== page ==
5. Madam, You have successfully written one book titled “Law and the Disabled” and also written and published around 33 research papers. Could you please tell us about your writing journey? When Would You Say a Legal Academician Is Ready to Start Writing Books?
At present, my publication status is 37 including an authored book and one edited book. As I have told you I had a struggling time during my LL.M. shuffling between family, kid and studies. So though I wanted to but didn’t get an opportunity. I started writing after I got registered for Ph.D. When I first wrote my supervisor would reject it outright. I kept on writing, he kept on rejecting. Finally, after 6 months of effort, he said yes now it is fairly okay and you may go ahead with its publication. So this was way back in 2007. Initially, I co-authored a few articles with my supervisor so that I could understand every nuance of writing skill. Gradually my single publications came out.
I can’t point out any specific time to bring out a book but it should be only when you have mastered writing skills. No copy-pasting. Originality should be there. No plagiarism and thorough with footnoting. There is also one thing I would like to add go for publishers who don’t charge money. In my writing journey, I have never paid a single penny to anybody for publication.
6. How Did You Find Time to Produce So Many Scholarly Articles? What, In Your View, Are the Few Most Important Skills That Law Students Should Strive to Acquire in Order to Write Research Papers Effectively?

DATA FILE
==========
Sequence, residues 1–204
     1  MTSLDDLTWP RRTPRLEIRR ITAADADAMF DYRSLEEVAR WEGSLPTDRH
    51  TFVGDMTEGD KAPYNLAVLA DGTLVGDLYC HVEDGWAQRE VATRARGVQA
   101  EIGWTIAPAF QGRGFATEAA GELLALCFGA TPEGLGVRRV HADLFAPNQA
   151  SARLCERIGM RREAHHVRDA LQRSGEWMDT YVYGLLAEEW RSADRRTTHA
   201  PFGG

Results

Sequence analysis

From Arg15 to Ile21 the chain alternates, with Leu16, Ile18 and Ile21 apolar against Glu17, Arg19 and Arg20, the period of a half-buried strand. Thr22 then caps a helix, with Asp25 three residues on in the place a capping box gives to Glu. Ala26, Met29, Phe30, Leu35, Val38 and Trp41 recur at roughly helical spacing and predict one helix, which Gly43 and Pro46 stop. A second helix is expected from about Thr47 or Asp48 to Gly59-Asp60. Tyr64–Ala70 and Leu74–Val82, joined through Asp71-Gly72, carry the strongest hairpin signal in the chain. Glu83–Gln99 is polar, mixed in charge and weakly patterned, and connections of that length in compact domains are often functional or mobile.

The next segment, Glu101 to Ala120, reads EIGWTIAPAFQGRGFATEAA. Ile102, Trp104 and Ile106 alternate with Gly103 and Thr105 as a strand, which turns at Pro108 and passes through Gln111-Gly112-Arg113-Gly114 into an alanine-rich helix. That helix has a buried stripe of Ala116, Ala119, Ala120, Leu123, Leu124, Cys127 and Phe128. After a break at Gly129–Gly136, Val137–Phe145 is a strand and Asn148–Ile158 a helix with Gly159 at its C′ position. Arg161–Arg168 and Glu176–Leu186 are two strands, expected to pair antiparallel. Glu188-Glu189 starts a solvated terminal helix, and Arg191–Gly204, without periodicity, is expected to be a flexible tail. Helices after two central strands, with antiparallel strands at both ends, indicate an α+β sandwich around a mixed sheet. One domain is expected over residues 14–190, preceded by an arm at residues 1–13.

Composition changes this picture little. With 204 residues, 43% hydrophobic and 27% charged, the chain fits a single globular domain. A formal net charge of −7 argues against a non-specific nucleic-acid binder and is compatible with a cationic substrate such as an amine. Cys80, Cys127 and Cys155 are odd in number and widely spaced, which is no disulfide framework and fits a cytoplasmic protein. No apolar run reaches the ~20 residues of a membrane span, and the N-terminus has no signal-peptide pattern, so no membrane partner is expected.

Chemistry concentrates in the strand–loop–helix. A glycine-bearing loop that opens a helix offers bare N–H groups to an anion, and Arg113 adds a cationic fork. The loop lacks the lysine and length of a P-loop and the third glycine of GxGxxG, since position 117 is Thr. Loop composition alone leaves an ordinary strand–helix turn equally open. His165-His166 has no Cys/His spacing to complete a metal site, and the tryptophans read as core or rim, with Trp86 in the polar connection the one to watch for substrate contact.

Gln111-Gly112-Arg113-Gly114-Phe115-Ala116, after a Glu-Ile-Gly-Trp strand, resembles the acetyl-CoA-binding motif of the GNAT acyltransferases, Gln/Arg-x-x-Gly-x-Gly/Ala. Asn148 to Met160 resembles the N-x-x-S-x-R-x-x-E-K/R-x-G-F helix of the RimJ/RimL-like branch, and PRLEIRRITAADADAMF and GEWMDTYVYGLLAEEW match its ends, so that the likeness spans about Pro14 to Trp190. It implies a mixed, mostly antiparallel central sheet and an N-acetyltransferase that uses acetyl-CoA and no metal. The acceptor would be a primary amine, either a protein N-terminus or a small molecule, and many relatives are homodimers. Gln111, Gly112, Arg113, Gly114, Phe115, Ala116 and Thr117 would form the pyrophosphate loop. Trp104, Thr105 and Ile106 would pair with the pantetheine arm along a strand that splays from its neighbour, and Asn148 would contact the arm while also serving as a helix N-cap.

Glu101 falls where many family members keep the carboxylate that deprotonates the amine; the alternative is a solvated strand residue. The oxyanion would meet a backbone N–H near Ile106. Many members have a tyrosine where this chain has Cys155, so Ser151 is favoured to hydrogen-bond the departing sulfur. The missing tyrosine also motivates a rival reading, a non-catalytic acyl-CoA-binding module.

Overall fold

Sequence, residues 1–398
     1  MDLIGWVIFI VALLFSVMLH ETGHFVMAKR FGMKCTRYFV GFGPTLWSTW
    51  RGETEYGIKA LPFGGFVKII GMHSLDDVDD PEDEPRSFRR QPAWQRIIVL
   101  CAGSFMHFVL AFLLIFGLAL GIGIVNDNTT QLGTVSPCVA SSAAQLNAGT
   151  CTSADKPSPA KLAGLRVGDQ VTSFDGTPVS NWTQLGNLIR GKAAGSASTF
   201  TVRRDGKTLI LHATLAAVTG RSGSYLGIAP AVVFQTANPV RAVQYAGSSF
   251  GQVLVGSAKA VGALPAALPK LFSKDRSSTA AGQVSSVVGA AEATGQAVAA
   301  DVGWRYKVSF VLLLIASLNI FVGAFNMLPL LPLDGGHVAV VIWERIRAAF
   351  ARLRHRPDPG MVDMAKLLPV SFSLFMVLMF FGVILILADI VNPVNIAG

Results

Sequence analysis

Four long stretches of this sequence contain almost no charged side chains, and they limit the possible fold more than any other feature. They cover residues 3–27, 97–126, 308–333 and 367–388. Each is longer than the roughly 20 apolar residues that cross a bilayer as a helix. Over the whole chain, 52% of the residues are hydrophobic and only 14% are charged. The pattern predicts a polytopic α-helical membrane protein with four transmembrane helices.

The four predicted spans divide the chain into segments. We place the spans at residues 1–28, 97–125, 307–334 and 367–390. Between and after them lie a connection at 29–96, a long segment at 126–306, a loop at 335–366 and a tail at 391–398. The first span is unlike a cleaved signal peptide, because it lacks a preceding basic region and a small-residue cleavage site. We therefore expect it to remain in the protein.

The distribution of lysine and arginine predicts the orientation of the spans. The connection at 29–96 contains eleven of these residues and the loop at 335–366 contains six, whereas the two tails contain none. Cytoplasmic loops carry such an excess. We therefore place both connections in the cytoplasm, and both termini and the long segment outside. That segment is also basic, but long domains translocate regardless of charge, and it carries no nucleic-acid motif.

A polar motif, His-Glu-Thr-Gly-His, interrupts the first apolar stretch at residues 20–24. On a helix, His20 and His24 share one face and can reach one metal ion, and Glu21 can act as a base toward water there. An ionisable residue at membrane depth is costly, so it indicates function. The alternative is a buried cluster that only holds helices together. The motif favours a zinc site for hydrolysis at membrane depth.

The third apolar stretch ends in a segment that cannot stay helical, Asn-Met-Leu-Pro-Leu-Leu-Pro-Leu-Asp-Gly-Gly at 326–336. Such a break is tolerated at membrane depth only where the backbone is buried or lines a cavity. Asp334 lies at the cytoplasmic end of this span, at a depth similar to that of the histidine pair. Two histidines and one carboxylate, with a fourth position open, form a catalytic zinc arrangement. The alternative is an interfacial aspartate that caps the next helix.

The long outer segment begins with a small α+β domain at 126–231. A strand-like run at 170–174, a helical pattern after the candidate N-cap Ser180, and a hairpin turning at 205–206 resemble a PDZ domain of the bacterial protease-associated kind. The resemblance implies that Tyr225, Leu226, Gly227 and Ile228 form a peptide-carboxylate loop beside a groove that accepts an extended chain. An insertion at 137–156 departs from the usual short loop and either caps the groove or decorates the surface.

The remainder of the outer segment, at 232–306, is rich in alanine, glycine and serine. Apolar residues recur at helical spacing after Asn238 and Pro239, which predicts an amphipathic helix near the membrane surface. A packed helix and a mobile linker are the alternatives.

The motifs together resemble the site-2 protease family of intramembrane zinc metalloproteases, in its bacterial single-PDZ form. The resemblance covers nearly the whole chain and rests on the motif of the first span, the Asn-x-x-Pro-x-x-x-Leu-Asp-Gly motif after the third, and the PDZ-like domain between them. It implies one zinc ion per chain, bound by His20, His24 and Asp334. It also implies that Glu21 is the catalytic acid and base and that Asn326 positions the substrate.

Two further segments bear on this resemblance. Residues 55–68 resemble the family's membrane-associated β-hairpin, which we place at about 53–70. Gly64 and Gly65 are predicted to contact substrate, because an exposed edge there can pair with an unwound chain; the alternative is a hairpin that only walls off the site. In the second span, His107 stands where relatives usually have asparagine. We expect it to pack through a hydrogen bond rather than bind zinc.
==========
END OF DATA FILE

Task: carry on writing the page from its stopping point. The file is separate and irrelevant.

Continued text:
First I study the legal topics prevalent in a particular period of time. I set a target for writing and keep finding journals where I could send them. I am a slow writer and can’t write more than 3 scholarly articles in a year. Plus since I have been for so many years in academics my colleagues in the legal fraternity also approach me to contribute in their edited volumes. But you have to keep updating and grooming yourself. That is very important and develops your own signature style of writing. It will not happen in a day but it is not impossible also.
For students who want to write research papers, you should always thrive towards contributing something new. There are areas which are overworked. Too many articles and research work have been done, if you are not able to contribute something new then no point in filling up pages. The second important thing is you should be thorough with the footnoting system. Third and most importantly the writing must be plag free. Write a page and check plagiarism. Correct it and go ahead. If you don’t have access to paid plagiarism software you can check through Duplichecker. If your plagiarism extent is 0-2% in Duplichecker your result in Turnitin or Urkund will be below 5% which is the desirable international standard.
7. Do You Feel That There Are Differences Between Students Of ‘Elite’ Law Schools and Students from Other Law Colleges and Traditional Universities?